by Divina Paredes

CIO 100: Air New Zealand

Mar 24, 2016
Technology Industry

AIR NEW ZEALAND recognises the need to shape the business to compete in the rapidly changing world of digital technology.

Digital transformation has the potential to deliver one of the biggest improvements for the business in the coming years.

The move to digital has led to the reorganisation of the ICT team and highlighted further the strategic role technology plays in the airline’s success.

The airline underwent a significant organisational change to create a digital portfolio that will bring together the skills,knowledge, strategy and innovation to deliver a digital transformation for both customers and staff. Air New Zealand also appointed its first chief digital officer, Avi Golan, with a portfolio that includes the ICT team, along with parts of the sales, marketing and operations.

“The new digital structure brings together all the skills, knowledge, strategy and innovation the airline says it will need across every area of the business to deliver a true digital transformation for our customers.”

“The new executive role – chief digital officer – has been created to represent digital at executive level,” Air NZ says. “In addition to the new structure, Air New Zealand has embarked on a DevOps journey and is moving towards self-suf. cient, multi-disciplined teams and new delivery frameworks and processes that are more Agile and Lean to deliver more value, faster.”

The chief digital of.cer portfolio was born from an ICT review that involved former CIO Julia Raue. Raue left in November after eight years in the role, but worked with the executive team on an ICT review that was widened to include how all areas of the organisation could grow their digital presence.

The ICT team will continue to deliver digital enablers, specifically platforms for the airline’s infrastructure on demand and APIs for their partners, suppliers and customers.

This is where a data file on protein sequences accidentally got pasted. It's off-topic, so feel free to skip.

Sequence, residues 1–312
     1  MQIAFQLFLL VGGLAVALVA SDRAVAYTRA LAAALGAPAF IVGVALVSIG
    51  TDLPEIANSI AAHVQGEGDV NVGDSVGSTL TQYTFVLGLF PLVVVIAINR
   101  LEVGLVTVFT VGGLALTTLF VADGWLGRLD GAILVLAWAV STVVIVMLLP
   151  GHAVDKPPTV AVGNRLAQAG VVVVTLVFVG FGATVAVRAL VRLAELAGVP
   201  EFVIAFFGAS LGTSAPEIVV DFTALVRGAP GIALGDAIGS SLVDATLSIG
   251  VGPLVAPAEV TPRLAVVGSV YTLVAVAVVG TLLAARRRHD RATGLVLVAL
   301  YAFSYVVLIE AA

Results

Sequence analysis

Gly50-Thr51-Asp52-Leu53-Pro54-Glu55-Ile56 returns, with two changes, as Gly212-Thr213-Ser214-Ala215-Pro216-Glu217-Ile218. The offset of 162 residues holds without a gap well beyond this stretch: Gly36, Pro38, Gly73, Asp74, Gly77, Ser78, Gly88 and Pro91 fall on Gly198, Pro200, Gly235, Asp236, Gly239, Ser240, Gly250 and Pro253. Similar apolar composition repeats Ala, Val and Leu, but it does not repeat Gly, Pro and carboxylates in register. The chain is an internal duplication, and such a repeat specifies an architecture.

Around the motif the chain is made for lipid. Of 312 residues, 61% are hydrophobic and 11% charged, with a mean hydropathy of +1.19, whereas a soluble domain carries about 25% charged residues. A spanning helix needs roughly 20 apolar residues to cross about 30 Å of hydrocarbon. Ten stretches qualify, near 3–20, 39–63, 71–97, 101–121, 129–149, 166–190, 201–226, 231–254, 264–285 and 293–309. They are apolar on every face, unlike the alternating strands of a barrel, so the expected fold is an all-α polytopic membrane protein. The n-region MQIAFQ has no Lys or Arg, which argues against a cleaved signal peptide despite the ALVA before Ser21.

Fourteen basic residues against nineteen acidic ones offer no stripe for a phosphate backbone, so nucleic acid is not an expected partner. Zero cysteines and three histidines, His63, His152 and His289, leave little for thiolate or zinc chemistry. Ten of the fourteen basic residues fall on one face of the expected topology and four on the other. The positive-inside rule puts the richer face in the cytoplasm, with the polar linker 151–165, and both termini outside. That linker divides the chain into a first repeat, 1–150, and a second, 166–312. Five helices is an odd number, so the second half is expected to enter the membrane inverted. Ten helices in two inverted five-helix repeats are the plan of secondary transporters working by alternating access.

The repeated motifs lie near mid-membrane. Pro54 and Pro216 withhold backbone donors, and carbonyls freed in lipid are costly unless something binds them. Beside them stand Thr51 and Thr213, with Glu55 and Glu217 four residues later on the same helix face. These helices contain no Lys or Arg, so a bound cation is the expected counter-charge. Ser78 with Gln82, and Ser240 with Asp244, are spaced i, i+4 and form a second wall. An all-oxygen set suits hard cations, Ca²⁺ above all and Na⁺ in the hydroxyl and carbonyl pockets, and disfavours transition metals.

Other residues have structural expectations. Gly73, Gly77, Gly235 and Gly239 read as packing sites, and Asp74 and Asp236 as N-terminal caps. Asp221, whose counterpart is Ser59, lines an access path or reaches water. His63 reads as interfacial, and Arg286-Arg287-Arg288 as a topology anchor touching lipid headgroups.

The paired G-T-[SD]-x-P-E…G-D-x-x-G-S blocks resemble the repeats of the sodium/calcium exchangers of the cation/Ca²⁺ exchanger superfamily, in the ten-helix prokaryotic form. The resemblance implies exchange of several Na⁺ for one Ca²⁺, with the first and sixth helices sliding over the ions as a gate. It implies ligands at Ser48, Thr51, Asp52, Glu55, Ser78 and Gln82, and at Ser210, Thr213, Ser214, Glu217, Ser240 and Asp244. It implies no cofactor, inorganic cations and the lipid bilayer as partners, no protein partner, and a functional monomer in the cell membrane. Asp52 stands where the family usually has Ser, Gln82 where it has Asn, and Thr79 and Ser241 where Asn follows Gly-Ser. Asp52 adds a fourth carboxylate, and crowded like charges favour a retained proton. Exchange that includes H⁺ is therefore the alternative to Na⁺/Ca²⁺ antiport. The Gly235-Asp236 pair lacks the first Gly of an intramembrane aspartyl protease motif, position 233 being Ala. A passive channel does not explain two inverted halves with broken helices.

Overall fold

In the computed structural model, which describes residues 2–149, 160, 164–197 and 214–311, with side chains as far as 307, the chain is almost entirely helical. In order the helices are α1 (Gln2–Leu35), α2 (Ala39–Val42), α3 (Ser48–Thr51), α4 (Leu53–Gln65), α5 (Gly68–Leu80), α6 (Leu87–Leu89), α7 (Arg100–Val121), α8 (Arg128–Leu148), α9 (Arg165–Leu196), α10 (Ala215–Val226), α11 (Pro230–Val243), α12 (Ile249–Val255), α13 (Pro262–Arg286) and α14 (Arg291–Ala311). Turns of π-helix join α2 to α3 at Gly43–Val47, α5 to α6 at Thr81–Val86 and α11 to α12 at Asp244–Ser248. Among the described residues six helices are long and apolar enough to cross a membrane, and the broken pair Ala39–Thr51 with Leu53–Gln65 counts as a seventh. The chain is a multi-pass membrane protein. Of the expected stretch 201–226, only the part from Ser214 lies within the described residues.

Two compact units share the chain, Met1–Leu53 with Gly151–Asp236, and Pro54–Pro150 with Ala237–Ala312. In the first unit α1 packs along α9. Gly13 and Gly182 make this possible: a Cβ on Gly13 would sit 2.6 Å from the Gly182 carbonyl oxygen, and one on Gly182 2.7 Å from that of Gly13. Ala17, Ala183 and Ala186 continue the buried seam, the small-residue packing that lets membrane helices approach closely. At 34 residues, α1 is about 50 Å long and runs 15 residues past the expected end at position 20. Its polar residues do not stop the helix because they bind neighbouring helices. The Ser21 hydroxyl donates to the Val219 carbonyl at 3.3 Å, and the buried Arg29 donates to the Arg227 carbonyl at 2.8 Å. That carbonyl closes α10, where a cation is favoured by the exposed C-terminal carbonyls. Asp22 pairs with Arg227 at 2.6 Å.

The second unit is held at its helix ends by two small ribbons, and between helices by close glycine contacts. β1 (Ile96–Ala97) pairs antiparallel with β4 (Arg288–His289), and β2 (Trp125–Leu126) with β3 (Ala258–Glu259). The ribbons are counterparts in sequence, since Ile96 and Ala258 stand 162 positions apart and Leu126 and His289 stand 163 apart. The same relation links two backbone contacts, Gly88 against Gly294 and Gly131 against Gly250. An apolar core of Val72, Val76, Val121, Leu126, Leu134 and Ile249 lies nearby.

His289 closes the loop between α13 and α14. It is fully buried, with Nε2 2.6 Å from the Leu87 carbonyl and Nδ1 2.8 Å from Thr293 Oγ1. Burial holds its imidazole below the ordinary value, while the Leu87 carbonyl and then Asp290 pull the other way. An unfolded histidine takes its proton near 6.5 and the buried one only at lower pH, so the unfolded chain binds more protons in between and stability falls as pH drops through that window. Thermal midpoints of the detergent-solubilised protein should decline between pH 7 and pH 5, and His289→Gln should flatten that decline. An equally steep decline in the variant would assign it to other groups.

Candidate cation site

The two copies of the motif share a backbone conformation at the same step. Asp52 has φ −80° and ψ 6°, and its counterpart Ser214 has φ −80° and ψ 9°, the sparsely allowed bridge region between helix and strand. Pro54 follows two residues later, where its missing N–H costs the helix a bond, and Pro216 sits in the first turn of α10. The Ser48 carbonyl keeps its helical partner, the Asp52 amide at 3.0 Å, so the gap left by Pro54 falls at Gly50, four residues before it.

Over the past year, the airline has embarked on a customer service initiative to improve customer engagement – continuously looking to technology to interact with its customers and leverage data to provide a seamless travel experience.

The team used a series of ideation sessions, design-led thinking, observational techniques and interviews with both customers and stakeholders to identify a number of possibilities, which led to products that met customer needs.

One of these is the Airband, a wristband embedded with a near field communication chip given to children travelling unaccompanied at check-in. Air New Zealand staff scan the wristband at key stages of the journey triggering text notifications to the child’s nominated contacts. This is the first time this technology has been used by any airline for the purpose of providing caregivers with greater visibility and peace of mind.

In another example, when a flight from the US had to be rescheduled, the digital team looked at how they could improve customer engagement during similar incidents when flights are disrupted.

Air New Zealand’s digital transformation had myriad impacts on ICT projects, budget and staff. ICT budgets will increase next year, as the move to new technology and new methods of working will see a rise in cost during the transition. Staff numbers, in particular the digital roles that will work with different units, will also increase. Project numbers will remain stable, but will be delivered at a different pace.

In the digital move to continuous delivery, the airline will see a reduction in the number of traditional projects but a move towards smaller, faster to market deliverables, released frequently, and delivered by DevOps teams.

Overall Air New Zealand’s digital transformation journey has been pivotal in improving the collaboration between the Digital team and other areas of the business. The digital team also shared their experiences with other New Zealand companies.